Cobb said she understands that some people have tried to make casting votes more accommodating over the years. But she believes voting is just not as accessible to people who work less-traditional hours — disproportionately Black, Latino and low-income people, according to the Population Reference Bureau.

“If you can’t make it to the polls for that day, for whatever reason, then you just miss out on your vote,” said Cobb, standing near Foster’s blue tent at the farmer’s market. “That’s exactly what it’s set up for, is to make it more difficult for the people who are less fortunate and less advantaged to not have access the way that they should.”

Connecticut has a history of making voting more difficult for people of color.

The state once received a series of petitions from Black people pleading for either the right to vote or exemption from paying taxes (the General Assembly denied them), was the first to require literacy tests for voting (effectively barring people who could not read from the ballot box), was slow to outlaw literacy tests (an order that trickled down from the federal government when the Voting Rights Act was amended), and was slow to ratify the 19th Amendment (which granted some women access to the polls).

White people in power have historically wanted to keep voting to themselves, said Steve Thornton, who studies the history of working people in the state. Thornton said lawmakers have put up as many barriers as possible to keep certain communities disenfranchised, because voting is “all about power.”

“Connecticut has never been a progressive state when it comes to voting rights,” he said.

Voting access has remained a hot-button topic. During an October Secretary of the State debate, Democratic candidate Stephanie Thomas said she is “a big fan” of early voting. Republican contender Dominic Rapini called the measure an “unfunded mandate” on registrars of voters who run the local elections.

Peter Gostin, a Republican registrar in New Britain, told the CT Mirror that he does not support early voting because of the additional strain it would put on election workers. But if it was law, he said, they would make it work.

Giselle Feliciano, a Democratic registrar in Hartford, said she and her team would also figure out how to accommodate it.

“We try our best to complete the job to the best of our ability,” Feliciano said. “Will we probably have bumps in the road? I don’t think Hartford will be the only one. But you learn from those things, and hopefully we can move forward. I do feel that with the early voting, we’ll be ready.”

Other states have adapted to expanded voting access for decades. Jennifer Doinoff, an elections administrator in Texas, the first state to offer early in-person voting, according to Time magazine, told the CT Mirror that she recommends that Connecticut codify a detailed plan into law.

“I’m a supporter of early voting, but I think that it’s very long,” said Doinoff. Texas currently has two weeks of early voting. “We add days to it and then we add weekends to it. And then we want to add more hours in the day to accommodate everybody’s schedule. And then, eventually, you can’t find people to do it. And it also is cost exhaustive. So I believe in early voting, but I think that we have to come up with a plan. That is a reasonable expectation for the people that we employ to do these jobs.”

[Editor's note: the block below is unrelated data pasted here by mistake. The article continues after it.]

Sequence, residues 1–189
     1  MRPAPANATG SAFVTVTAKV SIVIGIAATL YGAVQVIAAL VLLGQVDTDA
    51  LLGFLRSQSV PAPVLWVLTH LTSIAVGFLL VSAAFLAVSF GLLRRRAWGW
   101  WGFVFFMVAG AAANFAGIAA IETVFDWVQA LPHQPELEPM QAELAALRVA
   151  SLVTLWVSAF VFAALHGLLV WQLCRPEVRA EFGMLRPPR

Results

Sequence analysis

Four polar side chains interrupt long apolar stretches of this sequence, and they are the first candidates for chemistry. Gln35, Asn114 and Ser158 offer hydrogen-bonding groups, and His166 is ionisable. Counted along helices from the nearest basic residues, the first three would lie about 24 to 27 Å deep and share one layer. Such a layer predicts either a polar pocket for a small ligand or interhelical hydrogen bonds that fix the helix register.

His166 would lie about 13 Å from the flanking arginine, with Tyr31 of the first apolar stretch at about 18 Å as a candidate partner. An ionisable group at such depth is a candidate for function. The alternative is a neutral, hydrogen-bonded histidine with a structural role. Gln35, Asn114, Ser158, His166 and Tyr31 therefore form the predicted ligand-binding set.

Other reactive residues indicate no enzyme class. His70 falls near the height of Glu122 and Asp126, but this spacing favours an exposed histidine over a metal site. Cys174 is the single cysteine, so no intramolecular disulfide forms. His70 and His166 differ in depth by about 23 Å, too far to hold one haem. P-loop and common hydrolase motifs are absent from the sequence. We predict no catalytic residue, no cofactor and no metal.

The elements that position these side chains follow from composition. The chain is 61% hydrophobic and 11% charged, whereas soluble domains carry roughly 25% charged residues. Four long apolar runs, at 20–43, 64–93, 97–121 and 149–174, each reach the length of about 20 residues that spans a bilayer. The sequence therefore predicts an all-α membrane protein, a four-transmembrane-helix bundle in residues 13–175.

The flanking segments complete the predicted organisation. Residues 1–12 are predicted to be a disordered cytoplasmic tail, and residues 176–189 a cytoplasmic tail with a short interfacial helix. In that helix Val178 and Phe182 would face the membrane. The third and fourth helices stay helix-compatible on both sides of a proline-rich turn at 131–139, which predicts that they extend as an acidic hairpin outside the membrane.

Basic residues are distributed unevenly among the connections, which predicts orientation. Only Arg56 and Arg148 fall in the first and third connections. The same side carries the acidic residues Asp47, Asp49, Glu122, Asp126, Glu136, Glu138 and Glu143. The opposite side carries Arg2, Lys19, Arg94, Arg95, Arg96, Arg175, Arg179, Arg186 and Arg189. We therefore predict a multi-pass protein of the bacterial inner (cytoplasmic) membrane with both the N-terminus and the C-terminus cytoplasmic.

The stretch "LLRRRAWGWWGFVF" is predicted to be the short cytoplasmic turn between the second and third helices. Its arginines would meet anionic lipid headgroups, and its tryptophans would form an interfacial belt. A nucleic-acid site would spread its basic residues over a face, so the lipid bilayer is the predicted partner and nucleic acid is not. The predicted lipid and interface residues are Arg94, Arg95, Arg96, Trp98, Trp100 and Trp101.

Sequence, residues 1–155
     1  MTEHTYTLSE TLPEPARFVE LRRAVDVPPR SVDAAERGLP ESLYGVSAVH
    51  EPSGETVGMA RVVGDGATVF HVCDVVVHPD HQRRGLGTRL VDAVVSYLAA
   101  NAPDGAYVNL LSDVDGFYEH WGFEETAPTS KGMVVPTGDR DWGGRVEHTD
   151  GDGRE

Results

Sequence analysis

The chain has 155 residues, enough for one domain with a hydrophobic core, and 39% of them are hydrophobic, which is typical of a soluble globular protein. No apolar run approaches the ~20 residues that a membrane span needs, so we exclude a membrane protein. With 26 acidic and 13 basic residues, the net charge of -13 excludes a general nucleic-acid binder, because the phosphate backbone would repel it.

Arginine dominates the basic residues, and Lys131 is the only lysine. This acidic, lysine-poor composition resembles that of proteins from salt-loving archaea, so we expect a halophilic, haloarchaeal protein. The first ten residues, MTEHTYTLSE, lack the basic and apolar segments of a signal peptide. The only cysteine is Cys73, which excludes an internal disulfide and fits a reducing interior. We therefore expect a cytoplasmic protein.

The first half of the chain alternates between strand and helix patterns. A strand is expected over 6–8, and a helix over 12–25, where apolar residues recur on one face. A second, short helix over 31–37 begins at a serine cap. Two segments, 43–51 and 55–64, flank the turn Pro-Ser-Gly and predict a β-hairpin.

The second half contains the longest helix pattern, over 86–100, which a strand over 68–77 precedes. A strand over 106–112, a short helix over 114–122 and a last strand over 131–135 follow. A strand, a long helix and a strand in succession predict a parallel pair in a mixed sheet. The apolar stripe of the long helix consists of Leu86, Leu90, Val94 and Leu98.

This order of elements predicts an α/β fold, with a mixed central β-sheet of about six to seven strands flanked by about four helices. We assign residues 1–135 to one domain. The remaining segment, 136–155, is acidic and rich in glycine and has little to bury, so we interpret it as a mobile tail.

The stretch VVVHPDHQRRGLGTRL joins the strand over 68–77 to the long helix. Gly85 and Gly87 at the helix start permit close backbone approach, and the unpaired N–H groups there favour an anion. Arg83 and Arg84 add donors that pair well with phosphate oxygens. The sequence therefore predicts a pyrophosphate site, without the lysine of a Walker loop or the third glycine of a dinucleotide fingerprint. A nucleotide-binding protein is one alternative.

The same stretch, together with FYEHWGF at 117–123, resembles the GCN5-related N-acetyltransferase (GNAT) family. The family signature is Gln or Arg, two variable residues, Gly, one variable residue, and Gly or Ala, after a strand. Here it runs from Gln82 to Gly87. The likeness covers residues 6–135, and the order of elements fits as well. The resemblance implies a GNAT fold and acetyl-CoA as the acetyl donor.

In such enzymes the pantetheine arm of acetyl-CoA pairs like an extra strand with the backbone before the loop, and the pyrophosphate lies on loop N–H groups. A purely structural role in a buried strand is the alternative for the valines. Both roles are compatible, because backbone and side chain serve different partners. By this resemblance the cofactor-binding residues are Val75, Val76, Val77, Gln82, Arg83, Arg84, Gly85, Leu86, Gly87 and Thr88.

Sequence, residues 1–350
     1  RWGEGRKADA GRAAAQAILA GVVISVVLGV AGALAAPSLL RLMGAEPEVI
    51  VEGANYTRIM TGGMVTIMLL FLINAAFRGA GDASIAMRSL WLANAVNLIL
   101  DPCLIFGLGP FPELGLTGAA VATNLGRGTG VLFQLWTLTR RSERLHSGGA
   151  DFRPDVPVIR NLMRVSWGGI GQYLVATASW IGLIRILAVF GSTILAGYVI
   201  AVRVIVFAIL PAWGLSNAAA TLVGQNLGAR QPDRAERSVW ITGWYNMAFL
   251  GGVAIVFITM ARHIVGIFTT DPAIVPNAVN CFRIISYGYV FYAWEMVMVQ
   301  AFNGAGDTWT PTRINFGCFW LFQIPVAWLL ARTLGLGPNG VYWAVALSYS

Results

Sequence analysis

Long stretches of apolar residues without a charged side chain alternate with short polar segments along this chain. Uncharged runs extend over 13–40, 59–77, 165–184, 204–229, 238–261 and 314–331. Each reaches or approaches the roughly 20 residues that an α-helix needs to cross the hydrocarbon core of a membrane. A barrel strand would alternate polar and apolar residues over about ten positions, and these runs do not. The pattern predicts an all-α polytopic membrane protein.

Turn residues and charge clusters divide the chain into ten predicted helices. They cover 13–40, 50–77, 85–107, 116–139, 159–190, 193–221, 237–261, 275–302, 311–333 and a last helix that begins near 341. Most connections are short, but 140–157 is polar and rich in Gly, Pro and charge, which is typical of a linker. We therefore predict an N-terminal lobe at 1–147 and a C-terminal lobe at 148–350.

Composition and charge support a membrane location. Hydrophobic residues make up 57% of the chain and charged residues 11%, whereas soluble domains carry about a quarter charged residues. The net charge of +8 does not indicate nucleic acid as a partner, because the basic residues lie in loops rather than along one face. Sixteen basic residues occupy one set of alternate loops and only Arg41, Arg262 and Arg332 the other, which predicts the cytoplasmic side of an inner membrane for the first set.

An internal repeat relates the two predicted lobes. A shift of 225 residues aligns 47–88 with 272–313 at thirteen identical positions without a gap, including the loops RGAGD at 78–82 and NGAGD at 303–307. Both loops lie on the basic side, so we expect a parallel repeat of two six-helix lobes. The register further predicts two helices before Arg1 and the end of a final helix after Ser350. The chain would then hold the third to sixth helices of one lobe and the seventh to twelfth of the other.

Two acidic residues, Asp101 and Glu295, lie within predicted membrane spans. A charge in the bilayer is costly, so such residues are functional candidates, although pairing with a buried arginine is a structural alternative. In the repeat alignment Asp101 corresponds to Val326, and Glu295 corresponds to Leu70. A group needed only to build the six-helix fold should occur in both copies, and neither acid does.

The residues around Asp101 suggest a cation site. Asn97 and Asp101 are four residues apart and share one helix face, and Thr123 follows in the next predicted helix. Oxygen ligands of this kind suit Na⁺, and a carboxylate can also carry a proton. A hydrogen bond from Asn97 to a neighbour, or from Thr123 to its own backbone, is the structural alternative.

Democrats tend to favor early voting more than Republicans, according to the Pew Research Center. But some Connecticut voters do not view access to the ballot box as a partisan matter. They consider it a core tenet of democracy. They think that any person who wants to cast their ballot should have the freedom to do so without racial or socioeconomic barriers. They also believe that if 46 other states have figured it out, Connecticut can too.

Sophie Kane, a third-year student at Yale University, said that she and others on campus view conversations about convenience voting as part of a larger struggle to make this country’s democracy accessible to everyone.

“Engaging with those sorts of issues on that sort of scale is really important to us,” said Kane, who chairs the campus’ Yale Votes organization, “even if we can’t always be thinking about the larger scale issues, because that is just hard to engage with on a day to day basis. But this is what motivates us.”

Eli Moreyra, a second-year student at Housatonic Community College in Bridgeport, said his class schedule is packed, which could prevent him from voting. He wants to do well on assignments. He works multiple shifts a week as a waiter. He also likes to spend time with his friends. The 19-year-old said it feels like, by having minimal voting options, the state is encouraging people not to participate.

“Going to one of those polling places is just a big hassle; it’s not just you trying to go and vote,” said Moreyra, his voice competing with a musical performance at the farmer’s market. He believes voting is limited to people who really care about elections, “instead of opening the door for everybody to really throw their thoughts on it.”

Foster, the longtime Bridgeport resident, thinks early voting could help people unable or willing to relinquish valuable work hours.

For nearly four hours at the farmer’s market on a recent Thursday, she chatted with folks about the cost of living, visiting Jamaica, AirBnBs, her son and early voting. Her conversations withstood the music, wind, sirens and lawnmowers. By the time afternoon rain started drizzling on the tent, she was adamant about searching for the ballot question on Nov. 8.

“That would be a great idea,” Foster said. “If you could get it done a week or two before, I’m all for that.”